Speaking on maximazing the needs of the nation in terms of priority spending and what should be addressed immediately in public health and primary health care delivery, Ugwumba said, “First of all, you know they put things in budget but not all the things that you put is utilized, so at the end of the year even the 1% was never fully implemented. So we’re talking 5% now across board. So, I still think focusing on the primary health because primary health is not just going to the centre to get treated, it involves education, it involves environmental issues like using mosquito nets and things like that.

“Primary Health care is the bread and butter of medicine and so for me that’s where the money should go. If we can get that right, we’ll save a lot of lives, we’ll actually have a lot of early interventions.

“For example, you found a tumor in the abdomen, you cut it out, you use chemotherapy, tumor is gone. You’re back to normal, you’re under surveillance. But if we didn’t screen you or if you didn’t present early, there’ll be metastasis all over the place, stage five cancer, you’re dead. So prevention is tied to screening, it’s tied to frequent, regular full checkup.”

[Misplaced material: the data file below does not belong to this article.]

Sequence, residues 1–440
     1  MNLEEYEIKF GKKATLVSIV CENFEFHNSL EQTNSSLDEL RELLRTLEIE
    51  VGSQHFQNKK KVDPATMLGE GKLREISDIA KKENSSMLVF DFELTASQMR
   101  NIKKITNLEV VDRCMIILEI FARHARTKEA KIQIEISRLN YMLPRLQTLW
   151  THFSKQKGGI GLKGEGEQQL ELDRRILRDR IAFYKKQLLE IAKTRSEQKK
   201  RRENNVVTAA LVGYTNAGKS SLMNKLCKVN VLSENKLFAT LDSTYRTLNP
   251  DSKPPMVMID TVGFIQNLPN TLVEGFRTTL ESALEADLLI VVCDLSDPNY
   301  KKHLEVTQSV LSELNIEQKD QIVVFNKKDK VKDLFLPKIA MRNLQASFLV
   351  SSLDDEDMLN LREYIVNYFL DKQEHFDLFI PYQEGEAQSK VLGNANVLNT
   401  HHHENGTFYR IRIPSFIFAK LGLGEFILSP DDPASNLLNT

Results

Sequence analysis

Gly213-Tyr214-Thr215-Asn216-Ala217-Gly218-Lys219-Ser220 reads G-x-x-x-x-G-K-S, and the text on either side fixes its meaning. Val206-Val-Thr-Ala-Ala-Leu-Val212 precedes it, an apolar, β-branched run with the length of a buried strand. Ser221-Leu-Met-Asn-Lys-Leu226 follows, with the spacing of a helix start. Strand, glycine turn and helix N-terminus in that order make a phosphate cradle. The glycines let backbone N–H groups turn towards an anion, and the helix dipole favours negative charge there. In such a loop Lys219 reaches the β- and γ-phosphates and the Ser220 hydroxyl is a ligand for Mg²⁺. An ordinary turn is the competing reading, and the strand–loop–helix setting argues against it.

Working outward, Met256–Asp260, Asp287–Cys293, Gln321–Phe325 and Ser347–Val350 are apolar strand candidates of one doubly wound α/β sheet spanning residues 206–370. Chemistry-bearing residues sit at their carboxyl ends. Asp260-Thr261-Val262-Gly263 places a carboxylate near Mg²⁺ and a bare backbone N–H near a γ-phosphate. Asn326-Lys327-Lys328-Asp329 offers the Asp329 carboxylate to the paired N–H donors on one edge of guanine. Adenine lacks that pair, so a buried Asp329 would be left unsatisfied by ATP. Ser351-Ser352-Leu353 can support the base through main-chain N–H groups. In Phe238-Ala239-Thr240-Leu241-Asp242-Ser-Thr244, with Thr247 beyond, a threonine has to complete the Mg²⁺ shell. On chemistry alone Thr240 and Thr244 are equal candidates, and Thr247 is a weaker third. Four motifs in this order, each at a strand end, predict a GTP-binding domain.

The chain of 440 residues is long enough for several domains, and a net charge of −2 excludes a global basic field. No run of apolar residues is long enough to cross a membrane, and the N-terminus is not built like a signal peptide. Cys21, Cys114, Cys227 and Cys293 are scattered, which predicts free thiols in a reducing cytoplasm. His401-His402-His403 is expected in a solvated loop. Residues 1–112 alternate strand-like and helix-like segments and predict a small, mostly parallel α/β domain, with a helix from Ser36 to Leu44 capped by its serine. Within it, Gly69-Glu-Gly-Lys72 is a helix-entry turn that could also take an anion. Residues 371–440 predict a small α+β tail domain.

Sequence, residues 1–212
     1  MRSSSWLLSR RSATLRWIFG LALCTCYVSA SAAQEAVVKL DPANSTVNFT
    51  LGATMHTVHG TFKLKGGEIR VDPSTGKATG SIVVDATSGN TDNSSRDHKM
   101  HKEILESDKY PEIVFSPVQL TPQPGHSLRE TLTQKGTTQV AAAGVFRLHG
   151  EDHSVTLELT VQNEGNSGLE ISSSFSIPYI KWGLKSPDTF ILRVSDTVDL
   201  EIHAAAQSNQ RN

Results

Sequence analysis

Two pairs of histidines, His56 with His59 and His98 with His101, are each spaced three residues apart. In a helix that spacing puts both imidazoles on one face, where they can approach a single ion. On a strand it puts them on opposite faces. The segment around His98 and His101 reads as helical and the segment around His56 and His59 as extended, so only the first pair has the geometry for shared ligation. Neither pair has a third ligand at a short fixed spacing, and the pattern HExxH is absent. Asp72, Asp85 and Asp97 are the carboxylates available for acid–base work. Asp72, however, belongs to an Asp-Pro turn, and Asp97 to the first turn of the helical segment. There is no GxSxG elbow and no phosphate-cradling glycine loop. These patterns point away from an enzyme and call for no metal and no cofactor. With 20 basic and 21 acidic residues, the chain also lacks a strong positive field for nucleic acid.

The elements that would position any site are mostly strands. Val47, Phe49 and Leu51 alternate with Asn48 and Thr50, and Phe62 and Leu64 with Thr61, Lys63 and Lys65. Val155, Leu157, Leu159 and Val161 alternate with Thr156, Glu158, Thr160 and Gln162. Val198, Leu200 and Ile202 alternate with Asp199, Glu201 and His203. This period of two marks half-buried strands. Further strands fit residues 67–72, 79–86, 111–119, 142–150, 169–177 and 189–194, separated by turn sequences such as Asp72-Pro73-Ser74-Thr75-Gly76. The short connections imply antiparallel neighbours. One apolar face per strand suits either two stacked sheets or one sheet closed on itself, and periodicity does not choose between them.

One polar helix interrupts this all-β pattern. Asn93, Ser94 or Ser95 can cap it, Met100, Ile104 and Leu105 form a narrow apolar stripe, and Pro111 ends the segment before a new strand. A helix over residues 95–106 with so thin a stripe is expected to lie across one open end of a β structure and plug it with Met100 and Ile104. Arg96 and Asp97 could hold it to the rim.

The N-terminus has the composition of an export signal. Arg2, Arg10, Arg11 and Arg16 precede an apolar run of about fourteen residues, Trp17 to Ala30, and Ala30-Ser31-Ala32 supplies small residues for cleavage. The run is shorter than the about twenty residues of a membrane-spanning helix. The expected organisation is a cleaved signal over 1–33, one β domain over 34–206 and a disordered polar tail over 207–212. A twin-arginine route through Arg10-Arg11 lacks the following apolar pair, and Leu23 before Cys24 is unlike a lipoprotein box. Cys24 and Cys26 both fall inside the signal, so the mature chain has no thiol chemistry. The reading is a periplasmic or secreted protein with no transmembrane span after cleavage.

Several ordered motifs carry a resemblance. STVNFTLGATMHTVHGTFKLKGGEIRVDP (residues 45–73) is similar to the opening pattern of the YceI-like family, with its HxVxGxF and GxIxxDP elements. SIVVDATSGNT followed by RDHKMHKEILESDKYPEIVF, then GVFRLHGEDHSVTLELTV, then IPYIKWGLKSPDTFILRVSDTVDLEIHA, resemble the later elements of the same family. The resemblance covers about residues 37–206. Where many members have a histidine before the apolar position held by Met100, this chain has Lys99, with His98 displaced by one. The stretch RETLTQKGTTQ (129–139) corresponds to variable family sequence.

Addressing how can we rescucitate the primary healthcare sector in Nigeria, she advised, “First of all you build, like a lot of legislators put health centers in their budget but they forget that the building is not going to take care of the people. You’ve got to have staff, you’ve got to have renewable equipment, you have to have supplies. So this is a very intensive system that requires interdisciplinary people to come together to do it. They don’t have to be nurses.There’s something called Community Health Extension Worker they’re called CHEWS. Even such low level training can save a lot of lives.

“The health center needs to be built, but that’s not enough.We need to have the health center there but we need to have them functional. And that’s where every one comes together. The government really has enough money to do everything for everyone but we know it doesn’t work often like that, so individuals come in like ANPA and other NGOs. So, everybody working together with the government is the best approach.”

Melissa Enoch

Follow us on: